Source BioScience Teams Up to Develop State-of-the-art Pathology Tests for Improved Patient Care

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Source BioScience Teams Up to Develop State-of-the-art Pathology Tests for Improved Patient Care

Source BioScience, the international laboratory products and services business, has combined forces with The University of Nottingham, Nottingham University Hospitals NHS Trust and several industrial partners to form “The Nottingham Molecular Pathology Node for Integrated Multi-platform Biomarker Research and Knowledge Transfer”, a collaboration dedicated to advancing the field of precision medicine.

Precision medicine is an approach which subdivides patients with a shared disease into groups based on, for example, the severity of their disease and how they respond to different treatments. By stratifying patients into different groups, doctors can predict the most effective and safe intervention for individual patients. Moreover, by understanding the mechanisms that underpin these differences, new interventions can be developed for patients whose needs are not currently met.

Financially backed by the Medical Research Council (MRC) and the Engineering and Physical Sciences Research Council (EPSRC), the Nottingham Molecular Pathology Node is one of only six nodes across the UK. Each of which will work to develop innovative molecular pathology tests to enable superior diagnosis and treatment of disease, using a customised approach.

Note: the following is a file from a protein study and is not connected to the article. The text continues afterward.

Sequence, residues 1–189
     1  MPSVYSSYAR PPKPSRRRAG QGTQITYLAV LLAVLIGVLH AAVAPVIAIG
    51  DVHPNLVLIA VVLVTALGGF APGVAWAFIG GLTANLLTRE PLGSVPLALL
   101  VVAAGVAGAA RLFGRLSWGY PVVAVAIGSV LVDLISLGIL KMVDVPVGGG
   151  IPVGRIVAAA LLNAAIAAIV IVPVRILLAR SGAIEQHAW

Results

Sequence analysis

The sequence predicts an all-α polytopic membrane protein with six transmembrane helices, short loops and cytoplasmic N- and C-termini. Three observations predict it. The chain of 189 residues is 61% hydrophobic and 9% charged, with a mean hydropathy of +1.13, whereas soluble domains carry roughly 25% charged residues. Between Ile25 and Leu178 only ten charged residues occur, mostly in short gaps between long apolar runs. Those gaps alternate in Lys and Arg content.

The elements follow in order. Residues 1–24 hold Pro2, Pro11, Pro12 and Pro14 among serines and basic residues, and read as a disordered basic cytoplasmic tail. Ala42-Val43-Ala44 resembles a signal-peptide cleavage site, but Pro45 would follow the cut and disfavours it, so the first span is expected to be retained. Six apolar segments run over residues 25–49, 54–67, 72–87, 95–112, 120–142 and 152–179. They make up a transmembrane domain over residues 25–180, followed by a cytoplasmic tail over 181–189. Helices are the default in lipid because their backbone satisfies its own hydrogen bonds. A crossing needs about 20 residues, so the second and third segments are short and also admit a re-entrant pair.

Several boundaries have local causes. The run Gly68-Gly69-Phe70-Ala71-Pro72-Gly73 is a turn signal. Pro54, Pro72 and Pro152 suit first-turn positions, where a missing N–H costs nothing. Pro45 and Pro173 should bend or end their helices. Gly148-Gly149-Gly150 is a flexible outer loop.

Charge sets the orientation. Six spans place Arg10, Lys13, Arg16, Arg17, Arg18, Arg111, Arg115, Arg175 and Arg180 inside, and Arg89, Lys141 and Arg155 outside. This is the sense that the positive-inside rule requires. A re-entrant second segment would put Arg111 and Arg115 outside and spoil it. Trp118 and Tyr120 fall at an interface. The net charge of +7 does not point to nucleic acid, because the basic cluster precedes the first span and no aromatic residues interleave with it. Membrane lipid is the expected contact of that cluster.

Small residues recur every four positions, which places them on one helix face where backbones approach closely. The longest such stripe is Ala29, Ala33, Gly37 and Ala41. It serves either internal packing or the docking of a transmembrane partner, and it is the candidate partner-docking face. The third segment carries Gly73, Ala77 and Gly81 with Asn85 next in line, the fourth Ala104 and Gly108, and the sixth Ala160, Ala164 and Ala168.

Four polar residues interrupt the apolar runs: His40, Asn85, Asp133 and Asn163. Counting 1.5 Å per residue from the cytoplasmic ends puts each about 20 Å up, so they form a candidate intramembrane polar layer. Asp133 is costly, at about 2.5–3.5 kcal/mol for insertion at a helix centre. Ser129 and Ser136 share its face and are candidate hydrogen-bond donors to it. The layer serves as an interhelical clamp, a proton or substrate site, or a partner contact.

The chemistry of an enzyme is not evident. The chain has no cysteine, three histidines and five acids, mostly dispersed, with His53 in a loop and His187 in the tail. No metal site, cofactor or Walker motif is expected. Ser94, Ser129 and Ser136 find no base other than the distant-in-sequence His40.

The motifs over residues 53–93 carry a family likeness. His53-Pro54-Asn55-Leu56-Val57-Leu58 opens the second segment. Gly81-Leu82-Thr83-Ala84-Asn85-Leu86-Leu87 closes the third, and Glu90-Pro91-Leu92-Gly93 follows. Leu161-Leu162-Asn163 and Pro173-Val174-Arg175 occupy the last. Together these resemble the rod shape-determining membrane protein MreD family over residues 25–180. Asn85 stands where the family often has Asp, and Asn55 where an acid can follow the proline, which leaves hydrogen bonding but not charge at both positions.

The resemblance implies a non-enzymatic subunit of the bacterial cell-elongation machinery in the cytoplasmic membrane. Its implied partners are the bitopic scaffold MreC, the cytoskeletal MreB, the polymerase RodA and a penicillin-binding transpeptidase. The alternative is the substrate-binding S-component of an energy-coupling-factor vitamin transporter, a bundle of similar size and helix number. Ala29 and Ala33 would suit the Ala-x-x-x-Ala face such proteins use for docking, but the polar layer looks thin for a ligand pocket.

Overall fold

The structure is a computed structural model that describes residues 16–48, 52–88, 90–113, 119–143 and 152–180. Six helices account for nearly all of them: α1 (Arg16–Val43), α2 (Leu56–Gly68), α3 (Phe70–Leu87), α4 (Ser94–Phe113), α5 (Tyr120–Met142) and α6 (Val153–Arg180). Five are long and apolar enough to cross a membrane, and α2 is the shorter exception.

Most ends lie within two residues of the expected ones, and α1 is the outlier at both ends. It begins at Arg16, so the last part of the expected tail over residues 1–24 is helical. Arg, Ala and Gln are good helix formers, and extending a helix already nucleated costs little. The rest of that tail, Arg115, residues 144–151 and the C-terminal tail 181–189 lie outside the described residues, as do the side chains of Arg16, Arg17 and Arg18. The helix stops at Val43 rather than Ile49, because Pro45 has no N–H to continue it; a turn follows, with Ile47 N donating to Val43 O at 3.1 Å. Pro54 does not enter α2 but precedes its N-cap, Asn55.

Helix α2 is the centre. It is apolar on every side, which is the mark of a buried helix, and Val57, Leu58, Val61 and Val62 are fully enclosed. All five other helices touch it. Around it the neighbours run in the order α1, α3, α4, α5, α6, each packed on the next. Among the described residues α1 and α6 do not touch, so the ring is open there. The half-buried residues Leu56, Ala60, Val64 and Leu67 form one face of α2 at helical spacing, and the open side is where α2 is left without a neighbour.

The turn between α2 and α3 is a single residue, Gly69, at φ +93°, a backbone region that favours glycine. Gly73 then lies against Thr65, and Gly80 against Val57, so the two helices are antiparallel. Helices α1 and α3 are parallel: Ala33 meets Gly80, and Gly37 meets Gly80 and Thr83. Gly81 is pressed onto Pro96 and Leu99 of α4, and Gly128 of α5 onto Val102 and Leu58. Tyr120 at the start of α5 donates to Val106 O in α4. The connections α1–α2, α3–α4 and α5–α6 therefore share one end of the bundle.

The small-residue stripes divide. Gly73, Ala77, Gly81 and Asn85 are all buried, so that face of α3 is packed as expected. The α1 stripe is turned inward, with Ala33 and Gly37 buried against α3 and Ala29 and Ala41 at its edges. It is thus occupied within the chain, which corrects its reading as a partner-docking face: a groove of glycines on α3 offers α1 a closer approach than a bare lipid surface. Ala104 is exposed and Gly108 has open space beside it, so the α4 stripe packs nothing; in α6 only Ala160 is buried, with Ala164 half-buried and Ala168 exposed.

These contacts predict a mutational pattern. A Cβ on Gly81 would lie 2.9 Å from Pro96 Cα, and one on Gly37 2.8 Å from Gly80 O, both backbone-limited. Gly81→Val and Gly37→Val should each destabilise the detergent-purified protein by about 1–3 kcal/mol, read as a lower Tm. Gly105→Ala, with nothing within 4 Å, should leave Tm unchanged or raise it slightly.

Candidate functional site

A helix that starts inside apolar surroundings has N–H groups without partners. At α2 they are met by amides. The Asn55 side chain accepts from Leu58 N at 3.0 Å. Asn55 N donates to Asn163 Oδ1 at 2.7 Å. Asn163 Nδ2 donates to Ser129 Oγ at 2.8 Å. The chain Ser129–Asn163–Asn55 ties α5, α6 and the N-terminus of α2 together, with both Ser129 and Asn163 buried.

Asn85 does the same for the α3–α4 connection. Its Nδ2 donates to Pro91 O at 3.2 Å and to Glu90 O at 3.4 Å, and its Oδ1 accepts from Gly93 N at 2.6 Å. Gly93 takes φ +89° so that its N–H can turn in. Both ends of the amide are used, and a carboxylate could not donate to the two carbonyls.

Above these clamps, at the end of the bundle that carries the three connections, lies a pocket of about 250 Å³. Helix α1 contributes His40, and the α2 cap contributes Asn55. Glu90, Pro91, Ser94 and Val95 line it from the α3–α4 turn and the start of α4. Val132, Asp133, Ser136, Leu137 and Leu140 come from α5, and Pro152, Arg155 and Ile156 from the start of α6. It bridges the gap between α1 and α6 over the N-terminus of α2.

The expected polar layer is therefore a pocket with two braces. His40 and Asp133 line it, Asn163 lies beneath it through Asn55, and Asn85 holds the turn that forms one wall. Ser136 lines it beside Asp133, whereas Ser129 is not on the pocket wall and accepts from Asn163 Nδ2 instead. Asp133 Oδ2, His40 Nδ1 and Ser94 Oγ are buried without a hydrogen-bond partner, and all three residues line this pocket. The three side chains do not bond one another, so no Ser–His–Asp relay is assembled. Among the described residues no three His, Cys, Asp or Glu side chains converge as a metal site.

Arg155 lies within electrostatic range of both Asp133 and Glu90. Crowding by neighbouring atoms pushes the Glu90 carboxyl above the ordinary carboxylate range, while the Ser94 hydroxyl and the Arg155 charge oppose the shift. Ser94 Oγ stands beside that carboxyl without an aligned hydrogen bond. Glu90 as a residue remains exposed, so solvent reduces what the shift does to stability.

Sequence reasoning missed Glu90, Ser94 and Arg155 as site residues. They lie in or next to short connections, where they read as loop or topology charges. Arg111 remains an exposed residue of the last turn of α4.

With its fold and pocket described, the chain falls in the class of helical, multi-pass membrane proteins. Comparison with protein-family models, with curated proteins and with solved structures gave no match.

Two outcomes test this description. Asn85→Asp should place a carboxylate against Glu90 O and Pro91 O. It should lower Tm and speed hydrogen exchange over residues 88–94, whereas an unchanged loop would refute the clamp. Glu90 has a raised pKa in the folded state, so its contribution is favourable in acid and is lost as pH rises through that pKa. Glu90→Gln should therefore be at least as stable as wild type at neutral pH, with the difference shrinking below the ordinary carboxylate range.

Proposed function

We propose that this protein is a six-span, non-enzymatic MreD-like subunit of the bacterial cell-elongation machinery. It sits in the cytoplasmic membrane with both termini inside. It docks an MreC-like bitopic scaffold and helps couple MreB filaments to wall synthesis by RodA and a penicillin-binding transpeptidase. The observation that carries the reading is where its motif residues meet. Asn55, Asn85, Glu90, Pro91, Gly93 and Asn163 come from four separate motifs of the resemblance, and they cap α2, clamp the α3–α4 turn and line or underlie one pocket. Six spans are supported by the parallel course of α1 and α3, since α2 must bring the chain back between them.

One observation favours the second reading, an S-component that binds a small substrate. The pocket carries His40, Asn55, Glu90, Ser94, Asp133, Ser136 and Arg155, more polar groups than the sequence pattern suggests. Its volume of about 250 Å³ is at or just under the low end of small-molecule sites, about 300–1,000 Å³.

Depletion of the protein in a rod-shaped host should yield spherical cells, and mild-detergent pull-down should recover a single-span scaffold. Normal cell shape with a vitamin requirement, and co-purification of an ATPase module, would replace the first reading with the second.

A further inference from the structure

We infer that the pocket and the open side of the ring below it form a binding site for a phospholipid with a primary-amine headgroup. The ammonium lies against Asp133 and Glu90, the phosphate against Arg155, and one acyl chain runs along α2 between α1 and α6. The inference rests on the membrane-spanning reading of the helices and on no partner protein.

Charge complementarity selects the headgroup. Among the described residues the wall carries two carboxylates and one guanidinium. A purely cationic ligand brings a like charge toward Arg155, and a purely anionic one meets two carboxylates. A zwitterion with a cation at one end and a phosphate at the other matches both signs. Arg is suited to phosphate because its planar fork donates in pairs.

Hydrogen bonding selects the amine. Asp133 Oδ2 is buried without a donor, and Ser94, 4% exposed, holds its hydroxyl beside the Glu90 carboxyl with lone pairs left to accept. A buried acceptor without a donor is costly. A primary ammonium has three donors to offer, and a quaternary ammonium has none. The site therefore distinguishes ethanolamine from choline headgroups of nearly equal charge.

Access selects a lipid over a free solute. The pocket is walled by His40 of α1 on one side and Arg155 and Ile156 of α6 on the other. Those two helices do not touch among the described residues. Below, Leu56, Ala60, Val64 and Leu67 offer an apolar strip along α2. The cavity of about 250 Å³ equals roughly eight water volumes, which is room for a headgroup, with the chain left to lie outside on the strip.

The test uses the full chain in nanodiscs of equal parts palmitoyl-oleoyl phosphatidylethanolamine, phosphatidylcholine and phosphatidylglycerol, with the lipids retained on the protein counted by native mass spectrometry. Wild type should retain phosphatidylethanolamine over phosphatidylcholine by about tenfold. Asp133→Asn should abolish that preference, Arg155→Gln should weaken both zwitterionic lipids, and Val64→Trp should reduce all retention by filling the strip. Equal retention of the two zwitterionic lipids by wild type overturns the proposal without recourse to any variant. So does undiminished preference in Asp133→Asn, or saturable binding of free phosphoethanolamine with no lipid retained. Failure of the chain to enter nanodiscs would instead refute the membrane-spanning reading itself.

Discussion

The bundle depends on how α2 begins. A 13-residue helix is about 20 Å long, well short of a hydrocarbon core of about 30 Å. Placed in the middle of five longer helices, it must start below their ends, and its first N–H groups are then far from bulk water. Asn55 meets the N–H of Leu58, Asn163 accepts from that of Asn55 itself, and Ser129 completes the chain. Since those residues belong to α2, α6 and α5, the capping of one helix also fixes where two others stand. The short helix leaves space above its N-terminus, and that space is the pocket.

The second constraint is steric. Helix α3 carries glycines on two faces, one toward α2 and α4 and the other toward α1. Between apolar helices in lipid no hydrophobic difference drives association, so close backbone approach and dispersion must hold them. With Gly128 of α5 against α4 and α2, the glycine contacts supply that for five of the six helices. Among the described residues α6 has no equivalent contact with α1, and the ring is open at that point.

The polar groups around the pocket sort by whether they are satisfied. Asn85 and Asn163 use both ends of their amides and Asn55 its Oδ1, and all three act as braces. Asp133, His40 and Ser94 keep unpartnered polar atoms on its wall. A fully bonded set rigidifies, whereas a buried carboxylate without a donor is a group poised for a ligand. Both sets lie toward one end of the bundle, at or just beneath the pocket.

In particular, the Nottingham Molecular Pathology Node will bring together informatics, computational modelling and molecular pathology to develop world-leading translational molecular diagnostic capabilities for gastrointestinal, liver and respiratory diseases. 

Molecular pathology plays an essential role in precision medicine. Using only a small blood or tissue sample, biomarkers of disease progression/response to therapy can be identified and used in combination with clinical data and other information to stratify the patients.

Professor Alan Knox, Professor in Respiratory Medicine, and Head of the School of Medicine's Division of Respiratory Medicine at The University of Nottingham, said:

“This research will help ensure that in future patients are treated with the right drug for their condition at the most appropriate time and there will be suitable biomarkers to individually evaluate patients' responses to treatment. In the medium to long term this is likely to improve the quality of life and longevity of patients with a number of conditions, who currently have high morbidity and mortality. There is therefore a real possibility of a major impact on the nation's health.”

Dr Tom Burr, Scientific and Technical Director at Source BioScience said:

“We are delighted to be part of this ground-breaking research which will undoubtedly help to realise the potential of personalised medicine. By contributing our knowledge and expertise to this collaboration we can help to develop the necessary tools to bring about this change and in doing so enhance our ability to deliver state-of-the-art molecular pathology tests to the healthcare community.”